September ?, 2004 – October 9, 2005
A True Friend to the Residents and Staff of
Meadows Courtyard

Jack, a black and white shorthair, was brought to the Assisted Living facility in Sept. of 2004 with his sister Jill, a long hair calico, to raise the spirits of the residents when one of the "house" cats had to be put down due to age and health.

With his sister, this kitten, with his green eyes and seemingly endless energy was a delight, and great comfort to the residents, and the staff. At bedtime he would sleep on whoever’s bed was nearest, preferring the ones with the softest quilts.

At Christmas time, the tree in the lobby was fair game. Many was the ornament that met its demise at his paws by being batted off the tree, then around the lobby and hallways until it would break. His antics were never frowned upon by the administration as the residents took great joy in watching his escapades. He would often get on the desks, and promptly scatter paperwork and decorations all over the room. Many was the time that after this exhausting activity he could be found curled up, sleeping with his sister on the pool table.

In the spring and summer, he loved to go out and play and explore. Often chasing bugs, chasing the hose when a resident would be watering plants, or just curled up soaking in the sun.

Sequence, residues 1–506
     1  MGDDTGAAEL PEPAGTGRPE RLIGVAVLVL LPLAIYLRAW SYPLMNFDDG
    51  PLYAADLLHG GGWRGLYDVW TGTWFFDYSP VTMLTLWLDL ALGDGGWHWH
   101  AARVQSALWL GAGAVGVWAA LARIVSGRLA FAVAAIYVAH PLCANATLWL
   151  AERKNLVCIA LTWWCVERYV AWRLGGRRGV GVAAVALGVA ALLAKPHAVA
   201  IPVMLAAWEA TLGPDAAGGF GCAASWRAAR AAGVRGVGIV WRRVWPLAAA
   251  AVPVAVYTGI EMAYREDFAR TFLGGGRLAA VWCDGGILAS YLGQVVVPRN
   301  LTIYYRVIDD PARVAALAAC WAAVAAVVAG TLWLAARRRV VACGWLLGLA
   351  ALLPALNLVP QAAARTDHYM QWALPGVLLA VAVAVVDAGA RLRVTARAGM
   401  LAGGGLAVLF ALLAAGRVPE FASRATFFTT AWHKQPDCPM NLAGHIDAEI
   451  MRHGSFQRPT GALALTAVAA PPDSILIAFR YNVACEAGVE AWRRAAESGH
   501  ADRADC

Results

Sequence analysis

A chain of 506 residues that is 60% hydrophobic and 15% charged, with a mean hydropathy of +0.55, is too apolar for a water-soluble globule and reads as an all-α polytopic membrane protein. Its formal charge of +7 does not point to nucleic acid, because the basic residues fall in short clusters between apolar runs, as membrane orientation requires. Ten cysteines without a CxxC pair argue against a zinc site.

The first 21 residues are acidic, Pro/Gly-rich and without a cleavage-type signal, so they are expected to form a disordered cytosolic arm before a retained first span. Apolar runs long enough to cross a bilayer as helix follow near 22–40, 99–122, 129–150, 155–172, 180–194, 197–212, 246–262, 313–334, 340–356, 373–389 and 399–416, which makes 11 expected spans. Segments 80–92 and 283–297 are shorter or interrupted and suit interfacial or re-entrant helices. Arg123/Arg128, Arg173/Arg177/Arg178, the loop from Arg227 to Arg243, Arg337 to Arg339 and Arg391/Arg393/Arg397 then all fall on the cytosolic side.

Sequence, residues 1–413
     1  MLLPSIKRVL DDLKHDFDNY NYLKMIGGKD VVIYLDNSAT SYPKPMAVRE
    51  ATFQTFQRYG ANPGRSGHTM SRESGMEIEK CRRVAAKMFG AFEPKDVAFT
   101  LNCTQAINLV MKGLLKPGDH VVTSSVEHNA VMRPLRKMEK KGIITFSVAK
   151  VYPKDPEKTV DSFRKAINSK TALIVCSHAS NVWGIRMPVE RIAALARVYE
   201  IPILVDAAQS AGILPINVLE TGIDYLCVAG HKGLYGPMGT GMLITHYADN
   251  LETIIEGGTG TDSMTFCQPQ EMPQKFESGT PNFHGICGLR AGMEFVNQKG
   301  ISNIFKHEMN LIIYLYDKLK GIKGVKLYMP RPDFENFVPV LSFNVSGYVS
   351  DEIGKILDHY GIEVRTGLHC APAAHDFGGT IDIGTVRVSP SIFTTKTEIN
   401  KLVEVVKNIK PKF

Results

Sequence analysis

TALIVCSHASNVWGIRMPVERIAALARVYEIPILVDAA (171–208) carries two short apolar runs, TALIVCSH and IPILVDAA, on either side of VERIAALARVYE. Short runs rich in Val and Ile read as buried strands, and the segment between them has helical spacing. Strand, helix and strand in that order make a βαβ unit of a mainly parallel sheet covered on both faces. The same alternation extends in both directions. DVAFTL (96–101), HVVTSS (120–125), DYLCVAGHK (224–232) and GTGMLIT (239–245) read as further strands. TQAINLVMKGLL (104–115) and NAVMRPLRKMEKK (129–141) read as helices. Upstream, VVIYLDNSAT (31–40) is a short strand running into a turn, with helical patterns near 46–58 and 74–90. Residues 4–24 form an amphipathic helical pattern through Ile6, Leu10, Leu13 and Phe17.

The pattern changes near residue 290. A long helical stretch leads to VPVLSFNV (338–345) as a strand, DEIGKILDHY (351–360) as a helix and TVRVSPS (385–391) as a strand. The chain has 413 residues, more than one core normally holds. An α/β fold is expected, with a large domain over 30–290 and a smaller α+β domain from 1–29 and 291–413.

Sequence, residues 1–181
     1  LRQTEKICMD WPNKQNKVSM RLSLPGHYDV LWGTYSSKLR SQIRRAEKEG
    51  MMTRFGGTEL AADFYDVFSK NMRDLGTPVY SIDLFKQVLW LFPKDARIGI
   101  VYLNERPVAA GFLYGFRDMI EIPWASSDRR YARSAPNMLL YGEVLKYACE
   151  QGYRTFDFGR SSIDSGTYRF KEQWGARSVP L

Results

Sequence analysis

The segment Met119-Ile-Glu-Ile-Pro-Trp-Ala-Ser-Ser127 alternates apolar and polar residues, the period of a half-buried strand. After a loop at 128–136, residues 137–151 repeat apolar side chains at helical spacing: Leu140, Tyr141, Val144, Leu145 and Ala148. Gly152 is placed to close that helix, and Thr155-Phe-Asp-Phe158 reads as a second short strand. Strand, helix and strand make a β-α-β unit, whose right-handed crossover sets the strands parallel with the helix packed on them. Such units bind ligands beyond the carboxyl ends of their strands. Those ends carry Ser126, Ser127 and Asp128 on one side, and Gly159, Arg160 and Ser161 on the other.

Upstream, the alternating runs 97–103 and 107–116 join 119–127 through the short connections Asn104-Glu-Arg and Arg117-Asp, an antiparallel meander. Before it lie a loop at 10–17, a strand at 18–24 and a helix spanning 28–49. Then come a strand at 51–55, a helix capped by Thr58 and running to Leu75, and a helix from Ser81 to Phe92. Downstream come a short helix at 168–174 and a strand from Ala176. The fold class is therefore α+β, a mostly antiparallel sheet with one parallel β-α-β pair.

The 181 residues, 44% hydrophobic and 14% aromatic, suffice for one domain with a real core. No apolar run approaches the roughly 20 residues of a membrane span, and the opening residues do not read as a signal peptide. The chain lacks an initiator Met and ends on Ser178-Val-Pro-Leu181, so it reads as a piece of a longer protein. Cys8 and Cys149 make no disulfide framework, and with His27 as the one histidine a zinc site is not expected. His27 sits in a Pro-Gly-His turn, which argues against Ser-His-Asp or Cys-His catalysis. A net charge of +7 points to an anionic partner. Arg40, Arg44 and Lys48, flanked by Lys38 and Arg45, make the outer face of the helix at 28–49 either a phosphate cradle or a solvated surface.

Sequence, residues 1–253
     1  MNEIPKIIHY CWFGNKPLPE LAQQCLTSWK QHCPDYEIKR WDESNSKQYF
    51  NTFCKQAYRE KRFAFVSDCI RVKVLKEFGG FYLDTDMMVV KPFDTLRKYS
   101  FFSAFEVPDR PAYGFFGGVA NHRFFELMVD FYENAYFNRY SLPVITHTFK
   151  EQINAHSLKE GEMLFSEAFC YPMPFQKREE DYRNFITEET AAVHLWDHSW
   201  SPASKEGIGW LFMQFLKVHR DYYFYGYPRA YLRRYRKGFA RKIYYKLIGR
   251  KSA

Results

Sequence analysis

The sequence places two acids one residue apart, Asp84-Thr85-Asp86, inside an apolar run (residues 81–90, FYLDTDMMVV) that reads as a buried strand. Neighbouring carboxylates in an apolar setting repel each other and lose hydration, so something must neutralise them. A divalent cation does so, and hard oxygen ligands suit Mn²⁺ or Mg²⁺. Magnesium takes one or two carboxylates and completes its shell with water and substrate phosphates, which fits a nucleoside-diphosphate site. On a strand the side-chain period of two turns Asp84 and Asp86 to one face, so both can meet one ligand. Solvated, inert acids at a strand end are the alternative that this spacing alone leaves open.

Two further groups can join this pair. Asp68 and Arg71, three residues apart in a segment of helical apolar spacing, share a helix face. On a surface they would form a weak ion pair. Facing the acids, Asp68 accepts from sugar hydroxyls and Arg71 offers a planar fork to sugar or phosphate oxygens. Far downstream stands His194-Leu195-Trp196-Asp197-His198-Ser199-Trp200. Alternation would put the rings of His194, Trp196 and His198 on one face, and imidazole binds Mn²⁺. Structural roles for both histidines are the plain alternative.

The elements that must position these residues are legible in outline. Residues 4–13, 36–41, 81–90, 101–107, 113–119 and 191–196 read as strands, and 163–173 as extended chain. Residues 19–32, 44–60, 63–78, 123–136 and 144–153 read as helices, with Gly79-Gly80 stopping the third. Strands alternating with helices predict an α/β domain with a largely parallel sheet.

We may never know what prompted him to wander so far from home, having been altered it was thought that he wouldn't drift too far away. He would occasionally play in the parking area outside the doors, and many residents said he loved to explore. Many was the night that I'd let him out the back door to the courtyard and he'd stop, look back, meow once, then trot off as fast as he could on whatever mission he had for the night.

Now, when I look at Jill, I still see a bit of Jack through her eyes. She had taught him so much, including where, and how high to jump to trigger the automatic doors so they could go out and play at will. On that last fateful night, when he opened the door to go play, he also triggered the automatic doors to the Rainbow Bridge. He was found the following morning, having been struck down by a car two blocks from home.

For such a short life, his world was a never ending cycle of boundless energy, touching countless hearts and transferring some little bit of that energy on to everyone he met. A brief but beautiful life, not wasted, yet cut far shorter than we will ever think it should have been. Perhaps he was intended for a greater mission, maybe his endless reserves of energy, joy, and love were needed at the bridge to greet or help with the sudden and unexpected arrival of so many fur-friends at the bridge in the wake of hurricanes Katrina and Rita. We will never know for sure why he was sent on to the bridge so young, not until the day that it is the time of each of us whose lives he touched to cross over, and he again triggers the doors for each of us one last time.

Jack, you will always be in our hearts as a true friend. We all love you and we look forward to the day when we each meet you again at the bridge.

On behalf of the residents and staff of Meadows Courtyard, we bid you farewell our dear Jack,
but not goodbye.

Christine Goltz
Ron Riekens II
Oregon City, OR

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